The sun rises in the morning, bringing light and heat to another summer day. You can feel it warm your skin almost immediately, yet the effect you are experiencing may have been in the works for as long as 100,000 years!
100,000 Years Ago
150 million kilometres away from Earth, at the centre of the Sun, energy and light are released as hydrogen atoms collide. In that nuclear reaction, particles of light, called photons, are created.
30-90,000 Years Ago
Once a photon is released it bounces from one atom to another, like a ping pong ball, changing direction with every collision. Each step it takes may be only a tenth of a millimetre or even a centimetre before it is sent in a new direction.
10-30,000 Years Ago
For tens of thousands of years the photon takes these random tiny steps until it eventually reaches the surface of the Sun, some 700,000 kilometres from the centre where it was created.
In 2020, the European Space Agency launched Solar Orbiter (SolO) to explore the Sun. It will get as close as 42 million kilometres from the Sun, closer than the planet Mercury, which has a surface temperature of 430° C – hot enough to melt lead – and a low of -180° C.
Once at the surface, like a dog let off its leash, the photon takes off at great speed, travelling from Sun to Earth in about eight minutes (at literally the speed of light)!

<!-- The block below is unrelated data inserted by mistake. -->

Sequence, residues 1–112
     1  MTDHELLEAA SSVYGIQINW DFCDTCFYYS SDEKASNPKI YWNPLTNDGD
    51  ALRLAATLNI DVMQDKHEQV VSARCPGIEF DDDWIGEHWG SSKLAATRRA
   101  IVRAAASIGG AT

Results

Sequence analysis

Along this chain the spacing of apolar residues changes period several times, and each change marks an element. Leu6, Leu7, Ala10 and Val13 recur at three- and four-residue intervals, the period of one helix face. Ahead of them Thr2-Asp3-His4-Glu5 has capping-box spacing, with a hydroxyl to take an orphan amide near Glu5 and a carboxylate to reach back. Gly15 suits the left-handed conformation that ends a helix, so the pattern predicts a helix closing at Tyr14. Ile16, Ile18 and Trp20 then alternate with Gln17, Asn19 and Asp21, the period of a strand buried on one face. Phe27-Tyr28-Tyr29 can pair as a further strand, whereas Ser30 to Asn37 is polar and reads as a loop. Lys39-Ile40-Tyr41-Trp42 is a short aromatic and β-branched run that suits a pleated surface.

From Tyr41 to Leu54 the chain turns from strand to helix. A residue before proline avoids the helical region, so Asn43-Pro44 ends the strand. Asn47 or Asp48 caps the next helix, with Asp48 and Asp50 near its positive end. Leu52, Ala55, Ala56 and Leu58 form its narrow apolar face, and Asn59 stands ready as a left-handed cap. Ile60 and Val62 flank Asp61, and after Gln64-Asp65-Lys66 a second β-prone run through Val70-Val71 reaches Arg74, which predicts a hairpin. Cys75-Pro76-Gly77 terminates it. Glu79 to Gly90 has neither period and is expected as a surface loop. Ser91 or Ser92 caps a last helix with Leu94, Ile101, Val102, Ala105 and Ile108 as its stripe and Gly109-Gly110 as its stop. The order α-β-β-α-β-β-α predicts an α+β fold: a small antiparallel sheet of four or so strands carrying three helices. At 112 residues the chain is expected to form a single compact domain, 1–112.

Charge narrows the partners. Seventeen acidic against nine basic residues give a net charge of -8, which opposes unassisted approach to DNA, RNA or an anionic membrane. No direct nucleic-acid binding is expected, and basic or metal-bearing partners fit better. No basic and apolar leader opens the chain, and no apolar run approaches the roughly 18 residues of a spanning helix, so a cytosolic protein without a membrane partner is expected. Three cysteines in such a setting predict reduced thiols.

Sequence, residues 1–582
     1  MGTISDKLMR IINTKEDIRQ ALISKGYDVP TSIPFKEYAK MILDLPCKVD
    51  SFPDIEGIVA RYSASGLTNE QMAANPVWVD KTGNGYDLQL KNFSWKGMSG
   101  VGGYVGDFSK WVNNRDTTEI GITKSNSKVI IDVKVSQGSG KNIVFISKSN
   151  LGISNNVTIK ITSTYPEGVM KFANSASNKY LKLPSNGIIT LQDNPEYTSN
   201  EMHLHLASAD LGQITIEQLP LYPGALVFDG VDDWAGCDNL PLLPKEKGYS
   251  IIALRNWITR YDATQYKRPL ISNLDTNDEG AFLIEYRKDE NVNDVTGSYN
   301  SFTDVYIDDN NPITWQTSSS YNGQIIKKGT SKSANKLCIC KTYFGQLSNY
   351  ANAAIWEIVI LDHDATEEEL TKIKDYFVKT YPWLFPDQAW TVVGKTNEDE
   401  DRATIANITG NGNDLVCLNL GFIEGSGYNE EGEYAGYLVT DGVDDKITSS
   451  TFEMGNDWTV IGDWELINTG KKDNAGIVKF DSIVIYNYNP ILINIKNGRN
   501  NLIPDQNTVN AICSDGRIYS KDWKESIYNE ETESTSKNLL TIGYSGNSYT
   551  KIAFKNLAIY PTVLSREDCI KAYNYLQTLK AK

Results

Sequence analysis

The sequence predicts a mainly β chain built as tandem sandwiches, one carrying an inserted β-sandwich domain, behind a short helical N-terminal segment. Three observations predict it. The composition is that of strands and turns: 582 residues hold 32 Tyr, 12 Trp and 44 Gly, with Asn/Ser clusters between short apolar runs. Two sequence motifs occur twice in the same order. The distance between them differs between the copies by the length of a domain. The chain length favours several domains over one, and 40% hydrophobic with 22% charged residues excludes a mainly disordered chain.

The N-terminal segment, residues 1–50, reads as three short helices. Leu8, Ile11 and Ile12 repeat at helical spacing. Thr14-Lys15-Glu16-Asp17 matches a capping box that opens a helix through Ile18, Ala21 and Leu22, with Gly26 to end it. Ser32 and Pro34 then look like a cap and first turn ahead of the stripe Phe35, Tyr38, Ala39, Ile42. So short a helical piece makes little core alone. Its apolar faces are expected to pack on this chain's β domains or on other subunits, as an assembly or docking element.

So after tens of thousands of years and millions of kilometres, that photon may end its journey once it touches your skin. At that moment you may feel warmth
as the photon interacts with the molecules in your skin. Because it is simply energy that travels in waves of light particles, sunlight itself isn’t hot.
very hour enough solar energy hits this planet to satisfy all of humanity’s energy needs for a whole year.
Solar panels can convert the light of the sun into electricity using photovoltaics. The photovoltaic effect (photo meaning light, voltaic meaning electricity) turns photons into electrons. As photons strike the silicon semiconductor material, they bump loose electrons from the silicon’s atoms, freeing them and creating an electric current.
A solar oven does not convert solar energy into electricity, but it does use photons to produce heat. Photons pass through the transparent top and strike the food or pot placed in the interior of the oven. Whether they strike solid or liquid, they will make molecules in the matter vibrate, generating heat.
As that food or pot becomes warmer than the air around it, the heat tries to move to a cooler space. Trapped by the clear barrier on top of the oven, that heat reflects back on the food, making the temperature rise quickly. Solar ovens can reach temperatures of about 200 degrees Celsius or 400 degrees Fahrenheit.